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Frederick H. Dyer, Compendium of the War of the Rebellion: Regimental Histories 491 1 Browse Search
Robert Underwood Johnson, Clarence Clough Buell, Battles and Leaders of the Civil War. Volume 4. 313 7 Browse Search
Benson J. Lossing, Pictorial Field Book of the Civil War. Volume 3. 290 4 Browse Search
Rebellion Record: a Diary of American Events: Documents and Narratives, Volume 10. (ed. Frank Moore) 285 3 Browse Search
Horace Greeley, The American Conflict: A History of the Great Rebellion in the United States of America, 1860-65: its Causes, Incidents, and Results: Intended to exhibit especially its moral and political phases with the drift and progress of American opinion respecting human slavery from 1776 to the close of the War for the Union. Volume II. 271 3 Browse Search
Robert Underwood Johnson, Clarence Clough Buell, Battles and Leaders of the Civil War. Volume 3. 224 4 Browse Search
Maj. Jed. Hotchkiss, Confederate Military History, a library of Confederate States Military History: Volume 3, Virginia (ed. Clement Anselm Evans) 187 1 Browse Search
William F. Fox, Lt. Col. U. S. V., Regimental Losses in the American Civil War, 1861-1865: A Treatise on the extent and nature of the mortuary losses in the Union regiments, with full and exhaustive statistics compiled from the official records on file in the state military bureaus and at Washington 165 1 Browse Search
Comte de Paris, History of the Civil War in America. Vol. 4. (ed. Henry Coppee , LL.D.) 146 6 Browse Search
Southern Historical Society Papers, Volume 29. (ed. Reverend J. William Jones) 101 3 Browse Search
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that no discussion of army rations would be considered complete that did not at least make mention of the whiskey ration so called. This was not a ration, properly speaking. The government supplied it to the army only on rare occasions, and then by order of the medical department. I think it was never served out to my company more than three or four times, and then during a cold rainstorm or after unusually hard service. Captain N. D. Preston of the Tenth New York Cavalry, in describing Sheridan's raid to Richmond in the spring of 1864, recently, speaks of being instructed by his brigade commander to make a light issue of whiskey to the men of the brigade, and adds, the first and only regular issue of whiskey I ever made or know of being made to an enlisted man. But although he belonged to the arm of the service called the eyes and ears of the army, and was no doubt a gallant soldier, he is not well posted; for men who belonged to other organizations in the Army of the Potomac as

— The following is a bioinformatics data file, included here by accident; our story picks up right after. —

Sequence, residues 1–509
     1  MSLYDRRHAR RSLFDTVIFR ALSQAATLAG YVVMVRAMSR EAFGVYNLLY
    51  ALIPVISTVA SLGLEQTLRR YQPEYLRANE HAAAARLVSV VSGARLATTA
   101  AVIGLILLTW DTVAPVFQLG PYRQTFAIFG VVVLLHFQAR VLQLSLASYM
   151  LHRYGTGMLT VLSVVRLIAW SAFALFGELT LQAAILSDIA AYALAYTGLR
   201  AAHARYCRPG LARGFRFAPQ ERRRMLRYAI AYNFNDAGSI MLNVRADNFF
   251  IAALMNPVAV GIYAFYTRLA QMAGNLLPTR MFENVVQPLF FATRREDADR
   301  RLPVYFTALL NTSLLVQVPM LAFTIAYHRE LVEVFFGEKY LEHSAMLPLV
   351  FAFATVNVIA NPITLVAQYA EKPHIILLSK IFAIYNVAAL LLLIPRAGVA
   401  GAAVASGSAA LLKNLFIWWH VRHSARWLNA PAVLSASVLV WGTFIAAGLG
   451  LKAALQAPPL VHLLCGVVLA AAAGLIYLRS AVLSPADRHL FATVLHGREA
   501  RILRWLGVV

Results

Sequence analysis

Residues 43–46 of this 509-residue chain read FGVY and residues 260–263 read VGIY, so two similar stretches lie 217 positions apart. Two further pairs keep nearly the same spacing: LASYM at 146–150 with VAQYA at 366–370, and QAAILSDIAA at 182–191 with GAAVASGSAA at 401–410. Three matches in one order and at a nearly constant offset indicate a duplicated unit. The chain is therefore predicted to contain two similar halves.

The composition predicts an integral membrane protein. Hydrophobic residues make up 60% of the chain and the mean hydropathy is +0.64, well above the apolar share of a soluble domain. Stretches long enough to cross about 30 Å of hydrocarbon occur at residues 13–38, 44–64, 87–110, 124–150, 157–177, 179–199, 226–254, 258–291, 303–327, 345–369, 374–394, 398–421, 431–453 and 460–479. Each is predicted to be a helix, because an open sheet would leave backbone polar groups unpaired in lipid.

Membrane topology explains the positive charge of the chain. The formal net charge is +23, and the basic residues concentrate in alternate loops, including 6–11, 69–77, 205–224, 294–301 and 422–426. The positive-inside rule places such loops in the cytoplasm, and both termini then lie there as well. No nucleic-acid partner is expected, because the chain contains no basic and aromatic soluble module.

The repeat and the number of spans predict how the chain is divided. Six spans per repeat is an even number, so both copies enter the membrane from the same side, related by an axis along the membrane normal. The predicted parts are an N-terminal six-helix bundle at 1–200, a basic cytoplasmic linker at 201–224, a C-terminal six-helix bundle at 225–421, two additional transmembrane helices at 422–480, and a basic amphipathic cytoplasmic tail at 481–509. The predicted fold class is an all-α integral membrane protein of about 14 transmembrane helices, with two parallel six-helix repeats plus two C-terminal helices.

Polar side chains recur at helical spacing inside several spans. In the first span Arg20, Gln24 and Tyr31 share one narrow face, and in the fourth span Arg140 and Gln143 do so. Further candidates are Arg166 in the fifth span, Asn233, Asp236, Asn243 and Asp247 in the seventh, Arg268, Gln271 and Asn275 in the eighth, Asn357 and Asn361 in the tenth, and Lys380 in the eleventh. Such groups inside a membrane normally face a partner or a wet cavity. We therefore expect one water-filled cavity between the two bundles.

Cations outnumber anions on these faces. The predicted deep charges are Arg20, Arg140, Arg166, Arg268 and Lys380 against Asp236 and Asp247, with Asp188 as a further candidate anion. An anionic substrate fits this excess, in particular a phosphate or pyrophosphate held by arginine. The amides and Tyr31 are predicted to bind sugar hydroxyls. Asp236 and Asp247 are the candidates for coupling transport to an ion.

arge of the First Veteran Corps, then organizing. The badge adopted originated with Colonel C. H. Morgan, Hancock's chief-of-staff. The centre is a circle half the diameter of the whole design, surrounded by a wreath of laurel. Through the circle a wide red band passes vertically. From the wreath radiate rays in such a manner as to form a heptagon with concave sides. Seven hands spring from the wreath, each grasping a spear, whose heads point the several angles of the heptagon. Sheridan's Cavalry Corps had a badge, but it was not generally worn. The device was Gold crossed sabres on a blue field, surrounded by a glory in silver. The design of Wilson's Cavalry Corps was a carbine from which was suspended by chains a red, swallow-tail guidon, bearing gilt crossed sabres. The badge of the Engineer and Pontonier Corps is thus described: Two oars crossed over an anchor, the top of which is encircled by a scroll surmounted by a castle; the castle being the badge of the U